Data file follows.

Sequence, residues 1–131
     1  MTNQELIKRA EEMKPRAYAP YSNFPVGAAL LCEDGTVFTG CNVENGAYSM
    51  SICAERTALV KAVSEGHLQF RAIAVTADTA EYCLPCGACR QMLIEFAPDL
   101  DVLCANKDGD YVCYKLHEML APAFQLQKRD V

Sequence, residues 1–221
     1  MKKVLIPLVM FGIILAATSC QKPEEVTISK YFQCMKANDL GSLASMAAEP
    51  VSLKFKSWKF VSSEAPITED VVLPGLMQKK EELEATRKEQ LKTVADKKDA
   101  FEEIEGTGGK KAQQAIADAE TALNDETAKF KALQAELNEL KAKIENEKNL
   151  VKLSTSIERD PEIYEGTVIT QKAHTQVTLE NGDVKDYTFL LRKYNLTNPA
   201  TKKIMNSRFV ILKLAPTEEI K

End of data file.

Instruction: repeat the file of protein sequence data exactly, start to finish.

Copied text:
Sequence, residues 1–131
     1  MTNQELIKRA EEMKPRAYAP YSNFPVGAAL LCEDGTVFTG CNVENGAYSM
    51  SICAERTALV KAVSEGHLQF RAIAVTADTA EYCLPCGACR QMLIEFAPDL
   101  DVLCANKDGD YVCYKLHEML APAFQLQKRD V

Sequence, residues 1–221
     1  MKKVLIPLVM FGIILAATSC QKPEEVTISK YFQCMKANDL GSLASMAAEP
    51  VSLKFKSWKF VSSEAPITED VVLPGLMQKK EELEATRKEQ LKTVADKKDA
   101  FEEIEGTGGK KAQQAIADAE TALNDETAKF KALQAELNEL KAKIENEKNL
   151  VKLSTSIERD PEIYEGTVIT QKAHTQVTLE NGDVKDYTFL LRKYNLTNPA
   201  TKKIMNSRFV ILKLAPTEEI K